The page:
Instructor:
Gwen Johnson
Meeting Time:
Wed, 4:306:30
email address:
gwenj@aiken.sc.edu
Office:
Ruth Patrick Science Ed Center
Telephone:
6413552 (O); 6496483 (H)
Office Hours:
M, W, F 8:009:00 AM or By appointment
Descriptive Information
Course Goals and Objectives:
Course Readings:
Course Requirements:
Late Assignments: No late assignments will be accepted without prior approval. In the event such permission is given, these late assignments will be penalized 10% per day and will not be accepted after the second day beyond the due date. If you are going to be absent on the day an assignment is due, please make arrangements for someone to turn in the assignment for you.Honor Code: All students should be familiar with the USCA Code of Academic Conduct, a copy of which may be found in the Student Handbook. Please review the sections on plagiarism and other forms of cheating. If you have any questions about these policies, feel free to consult with the instructor. Any evidence of violation of these standards will result in appropriate action by the instructor and possible dismissal from the professional program.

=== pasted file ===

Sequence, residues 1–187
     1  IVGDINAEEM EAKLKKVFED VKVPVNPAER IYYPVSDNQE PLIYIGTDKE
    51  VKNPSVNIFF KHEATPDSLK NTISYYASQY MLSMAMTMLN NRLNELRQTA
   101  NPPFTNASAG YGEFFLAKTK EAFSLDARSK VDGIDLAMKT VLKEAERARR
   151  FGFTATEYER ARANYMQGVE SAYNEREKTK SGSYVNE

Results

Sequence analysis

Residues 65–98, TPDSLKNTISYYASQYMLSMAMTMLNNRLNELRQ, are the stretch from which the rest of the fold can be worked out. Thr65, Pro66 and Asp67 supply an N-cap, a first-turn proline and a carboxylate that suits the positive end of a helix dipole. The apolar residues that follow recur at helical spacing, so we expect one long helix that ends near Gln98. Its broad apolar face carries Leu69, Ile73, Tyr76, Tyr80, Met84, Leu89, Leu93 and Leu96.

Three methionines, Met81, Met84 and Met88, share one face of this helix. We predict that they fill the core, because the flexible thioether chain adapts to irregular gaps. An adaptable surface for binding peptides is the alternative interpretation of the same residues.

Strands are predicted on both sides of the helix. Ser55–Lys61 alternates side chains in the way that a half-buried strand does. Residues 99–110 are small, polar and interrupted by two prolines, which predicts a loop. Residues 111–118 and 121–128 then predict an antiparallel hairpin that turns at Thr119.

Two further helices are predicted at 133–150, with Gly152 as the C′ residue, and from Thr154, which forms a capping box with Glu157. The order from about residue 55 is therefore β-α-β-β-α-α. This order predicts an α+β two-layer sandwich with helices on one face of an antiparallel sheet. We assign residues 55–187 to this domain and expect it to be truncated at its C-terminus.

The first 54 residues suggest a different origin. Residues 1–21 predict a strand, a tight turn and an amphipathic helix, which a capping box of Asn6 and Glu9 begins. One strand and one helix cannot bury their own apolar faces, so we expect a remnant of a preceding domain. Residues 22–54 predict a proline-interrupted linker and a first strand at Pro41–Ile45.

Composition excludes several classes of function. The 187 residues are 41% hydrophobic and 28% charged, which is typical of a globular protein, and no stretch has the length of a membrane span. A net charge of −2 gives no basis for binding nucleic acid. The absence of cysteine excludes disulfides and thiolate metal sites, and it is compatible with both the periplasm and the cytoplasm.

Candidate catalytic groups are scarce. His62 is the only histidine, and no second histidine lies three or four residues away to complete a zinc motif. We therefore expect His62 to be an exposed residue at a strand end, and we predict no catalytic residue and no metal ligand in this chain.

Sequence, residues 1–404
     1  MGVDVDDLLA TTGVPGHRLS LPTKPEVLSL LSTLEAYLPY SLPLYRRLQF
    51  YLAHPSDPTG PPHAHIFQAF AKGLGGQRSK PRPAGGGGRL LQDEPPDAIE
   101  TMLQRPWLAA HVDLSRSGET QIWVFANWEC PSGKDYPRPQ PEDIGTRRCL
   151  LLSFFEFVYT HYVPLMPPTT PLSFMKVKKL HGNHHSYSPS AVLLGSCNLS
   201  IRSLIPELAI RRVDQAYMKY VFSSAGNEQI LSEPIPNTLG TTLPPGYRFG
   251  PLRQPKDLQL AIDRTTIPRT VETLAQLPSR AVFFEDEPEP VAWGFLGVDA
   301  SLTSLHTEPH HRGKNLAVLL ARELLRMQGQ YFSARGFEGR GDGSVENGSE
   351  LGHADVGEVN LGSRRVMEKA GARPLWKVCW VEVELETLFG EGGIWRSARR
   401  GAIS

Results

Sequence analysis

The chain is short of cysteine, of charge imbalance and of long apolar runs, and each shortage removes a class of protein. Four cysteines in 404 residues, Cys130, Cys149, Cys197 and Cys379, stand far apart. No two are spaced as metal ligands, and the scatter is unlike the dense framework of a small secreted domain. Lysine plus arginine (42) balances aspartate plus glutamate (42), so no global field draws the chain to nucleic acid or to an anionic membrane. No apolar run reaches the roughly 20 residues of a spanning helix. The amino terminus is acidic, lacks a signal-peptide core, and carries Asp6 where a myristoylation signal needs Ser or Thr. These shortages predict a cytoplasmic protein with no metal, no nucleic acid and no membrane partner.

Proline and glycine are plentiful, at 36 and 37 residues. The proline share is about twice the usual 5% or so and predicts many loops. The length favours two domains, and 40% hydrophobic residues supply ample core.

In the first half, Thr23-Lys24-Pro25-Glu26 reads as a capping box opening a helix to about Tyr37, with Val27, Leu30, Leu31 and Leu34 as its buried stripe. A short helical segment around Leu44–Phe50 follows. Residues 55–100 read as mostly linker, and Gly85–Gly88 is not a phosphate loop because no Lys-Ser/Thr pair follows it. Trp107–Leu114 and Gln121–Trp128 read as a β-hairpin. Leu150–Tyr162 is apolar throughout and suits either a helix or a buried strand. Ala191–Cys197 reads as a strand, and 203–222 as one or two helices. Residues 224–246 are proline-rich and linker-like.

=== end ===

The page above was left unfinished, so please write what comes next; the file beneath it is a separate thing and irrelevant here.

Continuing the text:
The following statement should appear on all assignments:"On my honor as a University of South CarolinaAiken student, I have neither given nor received any unauthorized aid on this assignment/examination. To the best of my knowledge I am not in violation of academic honesty."
Signature